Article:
Why are Rajya Sabha Elections important?

Why are Rajya Sabha Elections important?

For both the ruling party and the Opposition, every Rajya Sabha seat counts as any Bill. Barring those designated as Money Bills by the Lok Sabha Speaker, it needs the assent of the second chamber to become law. Rajya Sabha, or the Council of States, has 245 seats. Leave aside from reaching the halfway mark of 123, no ruling party has ever touched the 100 mark in the last three-and-a-half decades. The BJP-led NDA fleetingly touched 100 in April but its strength is down to 95. Now after the retirement of five of the nominated members who had taken BJP membership.

The NDA government has so far managed to get crucial Bills farm laws. The Jammu and Kashmir Reorganization Act, or the Citizenship Amendment Act passed with the help of allies and the support of other parties such as AIADMK, Biju Janata Dal, and YSR Congress. Rajya Sabha has a limited role in the case of Money Bills. It cannot amend a Money Bill but can recommend amendments within a stipulated time. Lok Sabha may either accept or reject all or any of these.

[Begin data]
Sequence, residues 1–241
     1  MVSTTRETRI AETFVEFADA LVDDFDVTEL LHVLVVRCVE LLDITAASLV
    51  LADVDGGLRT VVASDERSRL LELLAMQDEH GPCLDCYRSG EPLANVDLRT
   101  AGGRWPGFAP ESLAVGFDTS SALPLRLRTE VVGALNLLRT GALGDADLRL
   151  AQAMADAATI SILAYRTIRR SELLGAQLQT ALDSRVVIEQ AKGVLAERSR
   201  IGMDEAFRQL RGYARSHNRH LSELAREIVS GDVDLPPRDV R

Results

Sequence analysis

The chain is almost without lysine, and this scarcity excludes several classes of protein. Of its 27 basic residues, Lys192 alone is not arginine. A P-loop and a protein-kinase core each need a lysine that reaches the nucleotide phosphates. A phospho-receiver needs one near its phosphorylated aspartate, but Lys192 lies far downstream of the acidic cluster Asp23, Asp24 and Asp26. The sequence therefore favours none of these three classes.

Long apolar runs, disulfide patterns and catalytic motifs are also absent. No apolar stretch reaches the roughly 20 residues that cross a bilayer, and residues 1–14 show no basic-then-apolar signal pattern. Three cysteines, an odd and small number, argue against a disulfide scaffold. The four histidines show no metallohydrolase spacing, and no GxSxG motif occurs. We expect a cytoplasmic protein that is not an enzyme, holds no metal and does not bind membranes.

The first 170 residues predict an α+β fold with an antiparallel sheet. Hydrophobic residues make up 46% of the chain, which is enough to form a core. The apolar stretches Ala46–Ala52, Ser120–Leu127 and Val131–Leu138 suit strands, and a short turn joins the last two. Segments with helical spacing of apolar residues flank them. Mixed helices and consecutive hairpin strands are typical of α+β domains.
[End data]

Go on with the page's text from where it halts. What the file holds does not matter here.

How often are the Rajya Sabha elections held?

Rajya Sabha is a permanent House and cannot be dissolved. To ensure continuity, one-third of its members retire after every second year, under Article 83(1) of the Constitution. And biennial elections are held to fill these vacancies. The term of a member is six years. Out of the 245 members, 12 are nominated by the President. 233 are representatives of the States and Union territories of Delhi and Puducherry. Vacancies arising due to resignation, death, or disqualification are filled up through bypolls. Those elected serve out the remainder of their predecessor’s term. Under Article 80(3), the 12 nominated members should have special knowledge or practical experience in matters like literature, science, art, etc. A nominated member may join a party within six months of taking a seat.


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